When we go into a recession, what brings us out of it is a more efficient use of resources and capital. Ideally, what will happen is that all the irresponsible debtors are forced to default. Then the people who know how to manage money and capital are able acquire assets at depressed prices. Meanwhile the irresponsible borrowers are forced to live within their means. This includes a reduction in the consumption of resources. This then causes a reduction in the price of all forms of energy and energy-related commodities. Anyone not in debt is able to take advantage of those lower prices. They are then left with more money to invest how they see fit. Since these are the people who have proven themselves to be best at managing money, they are the ones who are able to allocate capital most efficiently. This is how the free market is able to bring an economy out of recession.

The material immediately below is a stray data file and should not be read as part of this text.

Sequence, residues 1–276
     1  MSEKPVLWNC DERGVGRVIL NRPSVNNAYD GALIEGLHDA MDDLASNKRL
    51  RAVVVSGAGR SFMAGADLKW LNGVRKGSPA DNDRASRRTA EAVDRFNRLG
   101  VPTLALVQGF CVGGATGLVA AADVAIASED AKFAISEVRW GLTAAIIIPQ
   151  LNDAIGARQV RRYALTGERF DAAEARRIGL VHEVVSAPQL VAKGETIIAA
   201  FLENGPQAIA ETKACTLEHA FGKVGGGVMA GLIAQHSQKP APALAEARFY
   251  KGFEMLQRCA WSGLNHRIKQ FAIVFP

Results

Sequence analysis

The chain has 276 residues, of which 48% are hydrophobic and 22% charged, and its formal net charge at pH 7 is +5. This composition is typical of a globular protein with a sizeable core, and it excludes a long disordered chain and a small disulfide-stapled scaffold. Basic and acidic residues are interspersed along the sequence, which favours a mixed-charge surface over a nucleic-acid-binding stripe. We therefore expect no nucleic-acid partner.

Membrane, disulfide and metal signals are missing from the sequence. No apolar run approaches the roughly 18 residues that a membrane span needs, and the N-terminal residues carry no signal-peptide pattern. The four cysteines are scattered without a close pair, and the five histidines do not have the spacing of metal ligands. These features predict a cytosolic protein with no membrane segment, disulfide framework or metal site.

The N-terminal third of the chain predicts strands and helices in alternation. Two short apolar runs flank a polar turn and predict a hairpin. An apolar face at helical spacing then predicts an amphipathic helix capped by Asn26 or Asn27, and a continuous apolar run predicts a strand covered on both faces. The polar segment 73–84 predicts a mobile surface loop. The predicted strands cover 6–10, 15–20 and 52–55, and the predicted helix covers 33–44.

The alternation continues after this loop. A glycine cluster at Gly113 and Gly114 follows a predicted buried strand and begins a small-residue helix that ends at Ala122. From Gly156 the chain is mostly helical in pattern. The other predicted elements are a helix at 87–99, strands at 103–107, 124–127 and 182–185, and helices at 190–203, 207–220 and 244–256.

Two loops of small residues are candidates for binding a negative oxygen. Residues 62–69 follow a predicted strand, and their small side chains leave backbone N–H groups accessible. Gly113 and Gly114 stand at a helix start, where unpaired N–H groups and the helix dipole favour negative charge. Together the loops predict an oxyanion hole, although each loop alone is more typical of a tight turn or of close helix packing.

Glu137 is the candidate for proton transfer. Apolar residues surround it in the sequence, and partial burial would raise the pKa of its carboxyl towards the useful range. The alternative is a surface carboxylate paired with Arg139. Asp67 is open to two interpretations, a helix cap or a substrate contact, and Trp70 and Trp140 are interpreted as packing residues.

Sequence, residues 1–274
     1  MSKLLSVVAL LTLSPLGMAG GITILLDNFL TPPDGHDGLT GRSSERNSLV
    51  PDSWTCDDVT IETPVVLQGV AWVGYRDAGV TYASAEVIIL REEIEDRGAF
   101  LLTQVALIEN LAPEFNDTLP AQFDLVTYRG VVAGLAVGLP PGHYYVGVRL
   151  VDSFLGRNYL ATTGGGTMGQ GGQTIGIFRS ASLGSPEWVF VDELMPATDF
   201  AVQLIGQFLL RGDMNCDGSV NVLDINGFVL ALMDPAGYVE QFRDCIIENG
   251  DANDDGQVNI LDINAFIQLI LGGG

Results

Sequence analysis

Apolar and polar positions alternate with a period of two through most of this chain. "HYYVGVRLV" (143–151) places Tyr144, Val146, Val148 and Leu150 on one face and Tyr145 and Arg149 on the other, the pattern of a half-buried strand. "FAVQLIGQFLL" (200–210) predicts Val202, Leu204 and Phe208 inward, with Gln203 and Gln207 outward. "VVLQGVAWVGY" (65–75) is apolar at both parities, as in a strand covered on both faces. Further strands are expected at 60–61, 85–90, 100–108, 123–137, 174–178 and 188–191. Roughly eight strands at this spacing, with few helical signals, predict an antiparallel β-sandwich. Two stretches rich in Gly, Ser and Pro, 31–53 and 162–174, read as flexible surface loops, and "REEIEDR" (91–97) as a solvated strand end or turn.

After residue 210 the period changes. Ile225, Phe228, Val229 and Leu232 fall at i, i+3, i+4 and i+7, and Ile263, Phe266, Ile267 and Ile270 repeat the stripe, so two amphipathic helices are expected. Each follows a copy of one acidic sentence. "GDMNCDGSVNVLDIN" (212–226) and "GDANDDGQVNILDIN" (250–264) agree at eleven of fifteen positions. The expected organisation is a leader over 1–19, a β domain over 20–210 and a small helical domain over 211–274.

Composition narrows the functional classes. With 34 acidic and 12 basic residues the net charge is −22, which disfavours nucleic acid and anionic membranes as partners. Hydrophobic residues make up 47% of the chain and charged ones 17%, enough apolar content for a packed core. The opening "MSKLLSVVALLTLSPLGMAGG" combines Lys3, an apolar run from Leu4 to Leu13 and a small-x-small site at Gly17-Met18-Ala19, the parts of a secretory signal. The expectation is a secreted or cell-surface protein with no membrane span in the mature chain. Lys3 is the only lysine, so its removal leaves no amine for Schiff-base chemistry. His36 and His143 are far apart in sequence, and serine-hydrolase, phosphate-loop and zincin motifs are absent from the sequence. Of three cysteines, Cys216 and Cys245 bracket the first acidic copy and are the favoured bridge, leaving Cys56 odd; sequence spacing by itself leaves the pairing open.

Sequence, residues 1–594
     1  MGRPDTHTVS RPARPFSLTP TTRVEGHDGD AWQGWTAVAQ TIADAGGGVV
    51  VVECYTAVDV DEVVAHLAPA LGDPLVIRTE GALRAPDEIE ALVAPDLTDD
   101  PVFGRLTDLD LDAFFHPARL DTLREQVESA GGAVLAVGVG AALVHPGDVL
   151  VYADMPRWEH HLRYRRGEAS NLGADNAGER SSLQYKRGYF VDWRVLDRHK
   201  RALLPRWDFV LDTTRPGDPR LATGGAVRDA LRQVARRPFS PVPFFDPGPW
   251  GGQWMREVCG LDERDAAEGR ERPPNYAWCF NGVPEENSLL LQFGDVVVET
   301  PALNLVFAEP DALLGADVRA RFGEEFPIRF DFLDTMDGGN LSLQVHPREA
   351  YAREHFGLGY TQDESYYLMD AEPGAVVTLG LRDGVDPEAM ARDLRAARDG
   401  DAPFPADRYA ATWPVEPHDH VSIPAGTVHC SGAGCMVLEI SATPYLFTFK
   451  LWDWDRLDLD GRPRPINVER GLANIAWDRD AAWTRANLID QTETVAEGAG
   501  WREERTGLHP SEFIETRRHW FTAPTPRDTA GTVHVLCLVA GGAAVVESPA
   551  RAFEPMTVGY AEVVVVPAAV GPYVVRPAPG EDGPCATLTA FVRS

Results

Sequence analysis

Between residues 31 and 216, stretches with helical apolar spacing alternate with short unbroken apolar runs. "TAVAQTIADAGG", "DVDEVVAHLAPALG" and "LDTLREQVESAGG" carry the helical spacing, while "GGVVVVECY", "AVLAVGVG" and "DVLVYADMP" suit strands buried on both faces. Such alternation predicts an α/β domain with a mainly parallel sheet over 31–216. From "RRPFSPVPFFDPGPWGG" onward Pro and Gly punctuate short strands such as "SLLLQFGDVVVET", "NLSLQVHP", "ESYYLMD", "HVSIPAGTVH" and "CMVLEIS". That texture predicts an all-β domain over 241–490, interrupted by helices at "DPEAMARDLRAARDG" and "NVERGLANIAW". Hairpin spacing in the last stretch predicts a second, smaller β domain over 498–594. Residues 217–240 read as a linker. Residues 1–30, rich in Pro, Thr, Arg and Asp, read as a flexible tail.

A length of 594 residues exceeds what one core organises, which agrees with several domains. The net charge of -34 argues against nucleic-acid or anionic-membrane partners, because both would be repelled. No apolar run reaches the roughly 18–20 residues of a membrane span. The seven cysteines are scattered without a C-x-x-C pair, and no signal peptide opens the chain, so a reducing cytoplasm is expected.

In the bailout & stimulus scenario, here is what happens. Those who have proven themselves unable to manage money and resources are bailed out, which means their bad behavior is given a subsidy. This is ideologically flawed for obvious reasons. However, there is another negative effect. Because they are bailed out, they are not forced to reduce their consumption of energy and all other commodities. This creates a greater demand for these commodities, preventing the price from falling. Since the prices do not fall as much as they should, the responsible people who know best how to manage resources are unable to acquire a larger share of those resources and capital. So they are unable to perform their natural function of increasing resource efficiency in an economy. So the economy is unable to recover. If this dynamic is allowed to continue, the result will be that resources will continue to be wasted, the economy will be unable to restructure itself through free market means. The government simply cannot perform this role effectively. Even Obama concedes that this is a fact, by saying that his stimulus plan is aimed at the private sector. He wants to create private sector jobs, not government jobs, etc. By making such statements he admits that the private sector is more efficient at allocating capital. But what he fails to understand is that the very act of stimulus + bailout prevents the private sector from being able to restructure itself more efficiently. Bad debts must be allowed to be purged from the system. Money needs to change hands. Capital needs to be transferred from debtors to creditors. Only then can the capital be put to more efficient use. And only then can we begin to make more efficient use of resources.